Sometimes you hear about a new invention in the works that just blows your mind with how crazy it sounds. But what about an invention that reads your mind, too? As it turns out, Nissan has that just about figured out now.
Specifically, Nissan is working on a vehicle that could read mental signals using a Brain-to-Vehicle (B2V) system in order to increase driver reaction times by knowing what the driver wants to do before they can physically move to do it. Adjustments to the operator’s driving wouldn’t be too extreme, at least not at first. Instead, by anticipating driver reactions to what is happening on the road, and where they want to go next, the vehicle could slightly cut down on turning and acceleration reaction times by around half a second. This doesn’t sound like much, but over time it would add up and in emergency situations it could save lives, all while remaining barely perceptible. It would be something akin to a happy medium in order to introduce drivers to the concept and acclimate them to driving with a car that is reading their thoughts like an instruction manual.
This is in part due to a recognition of the fear that some people might have of giving up their autonomy in the driving process to man-made machinery. Nissan’s executive vice president Daniele Schillaci responded to this worry by assuring drivers of the following: “When most people think about autonomous driving, they have a very impersonal vision of the future, where humans relinquish control to the machines. Yet B2V technology does the opposite, by using signals from their own brain to make the drive even more exciting and enjoyable. Through Nissan Intelligent Mobility, we are moving people to a better world by delivering more autonomy, more electrification and more connectivity.”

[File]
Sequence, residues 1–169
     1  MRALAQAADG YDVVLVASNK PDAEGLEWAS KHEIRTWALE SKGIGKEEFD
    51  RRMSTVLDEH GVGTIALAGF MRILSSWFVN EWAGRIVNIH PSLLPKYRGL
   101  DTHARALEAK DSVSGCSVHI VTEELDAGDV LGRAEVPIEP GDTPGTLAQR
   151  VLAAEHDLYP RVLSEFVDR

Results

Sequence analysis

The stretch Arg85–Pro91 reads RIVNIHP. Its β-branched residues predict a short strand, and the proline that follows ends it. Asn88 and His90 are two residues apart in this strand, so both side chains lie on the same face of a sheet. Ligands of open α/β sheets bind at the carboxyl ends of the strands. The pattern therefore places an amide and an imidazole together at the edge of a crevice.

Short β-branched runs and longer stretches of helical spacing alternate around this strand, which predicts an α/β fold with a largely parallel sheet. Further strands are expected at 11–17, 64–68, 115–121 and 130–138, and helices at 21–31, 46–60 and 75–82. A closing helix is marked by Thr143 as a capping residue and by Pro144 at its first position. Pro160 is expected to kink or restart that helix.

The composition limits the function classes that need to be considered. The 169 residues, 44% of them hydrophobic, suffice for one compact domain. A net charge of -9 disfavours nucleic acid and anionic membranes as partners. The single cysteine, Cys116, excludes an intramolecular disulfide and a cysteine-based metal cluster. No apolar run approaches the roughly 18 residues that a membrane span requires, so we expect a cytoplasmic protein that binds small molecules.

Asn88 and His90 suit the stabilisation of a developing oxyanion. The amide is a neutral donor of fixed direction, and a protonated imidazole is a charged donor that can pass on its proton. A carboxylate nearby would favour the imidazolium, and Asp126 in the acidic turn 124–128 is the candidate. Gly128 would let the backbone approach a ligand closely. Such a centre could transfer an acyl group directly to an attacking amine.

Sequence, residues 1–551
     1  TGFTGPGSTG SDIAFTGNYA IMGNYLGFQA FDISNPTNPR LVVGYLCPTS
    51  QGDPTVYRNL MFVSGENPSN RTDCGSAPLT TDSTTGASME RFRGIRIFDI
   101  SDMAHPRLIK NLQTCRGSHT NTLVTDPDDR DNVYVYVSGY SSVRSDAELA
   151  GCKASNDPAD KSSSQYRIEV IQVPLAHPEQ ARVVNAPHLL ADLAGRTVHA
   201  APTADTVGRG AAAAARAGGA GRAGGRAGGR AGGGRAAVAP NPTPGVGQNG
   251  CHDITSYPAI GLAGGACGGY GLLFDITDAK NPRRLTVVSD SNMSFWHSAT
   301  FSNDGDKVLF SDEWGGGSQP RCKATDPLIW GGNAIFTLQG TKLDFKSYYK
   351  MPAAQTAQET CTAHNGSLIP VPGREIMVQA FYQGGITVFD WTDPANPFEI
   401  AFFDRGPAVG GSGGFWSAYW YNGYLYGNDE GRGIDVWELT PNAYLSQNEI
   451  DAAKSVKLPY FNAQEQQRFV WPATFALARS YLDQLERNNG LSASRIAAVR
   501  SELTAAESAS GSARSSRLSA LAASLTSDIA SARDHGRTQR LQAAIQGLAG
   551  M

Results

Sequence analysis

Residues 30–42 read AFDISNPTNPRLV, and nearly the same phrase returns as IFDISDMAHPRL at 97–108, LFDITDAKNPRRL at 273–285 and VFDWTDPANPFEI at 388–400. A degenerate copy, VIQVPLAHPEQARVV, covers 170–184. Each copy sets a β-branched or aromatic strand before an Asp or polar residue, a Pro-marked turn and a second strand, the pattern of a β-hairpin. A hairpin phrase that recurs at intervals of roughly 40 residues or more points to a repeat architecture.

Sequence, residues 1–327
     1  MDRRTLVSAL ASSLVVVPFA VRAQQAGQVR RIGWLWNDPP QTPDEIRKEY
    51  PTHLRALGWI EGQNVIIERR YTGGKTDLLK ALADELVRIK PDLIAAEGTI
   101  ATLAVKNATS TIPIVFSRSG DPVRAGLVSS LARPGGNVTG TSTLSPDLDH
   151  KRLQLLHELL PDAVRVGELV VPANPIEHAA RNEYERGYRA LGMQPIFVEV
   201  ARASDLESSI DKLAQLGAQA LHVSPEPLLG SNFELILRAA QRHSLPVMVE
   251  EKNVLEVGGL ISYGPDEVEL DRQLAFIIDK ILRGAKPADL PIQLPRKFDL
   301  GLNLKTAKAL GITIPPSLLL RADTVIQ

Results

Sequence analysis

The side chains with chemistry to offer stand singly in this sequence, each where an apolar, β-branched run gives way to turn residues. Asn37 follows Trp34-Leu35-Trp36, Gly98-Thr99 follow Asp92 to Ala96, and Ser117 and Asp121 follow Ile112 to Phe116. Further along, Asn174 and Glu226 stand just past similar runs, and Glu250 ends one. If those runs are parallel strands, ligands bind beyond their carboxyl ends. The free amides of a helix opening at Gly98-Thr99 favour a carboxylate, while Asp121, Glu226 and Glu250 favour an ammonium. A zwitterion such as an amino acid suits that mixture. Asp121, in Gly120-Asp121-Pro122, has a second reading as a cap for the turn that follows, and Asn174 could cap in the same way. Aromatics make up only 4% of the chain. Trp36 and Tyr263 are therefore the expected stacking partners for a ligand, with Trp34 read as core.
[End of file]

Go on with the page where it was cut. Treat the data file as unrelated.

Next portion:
Of course, this wouldn’t just be useful for improving driving efficiency on the road. It could also be helpful in making drivers feel more comfortable within the vehicle by reading their minds to see what they need adjusted internally. The temperature could move itself to heat up or cool down the interior of the car, the radio could flip through channels automatically, or the seats could move themselves around to better fit the driver’s personal style and body positioning. The possibilities for the new technology really would be endless, literally only limited by the imagination of the drivers.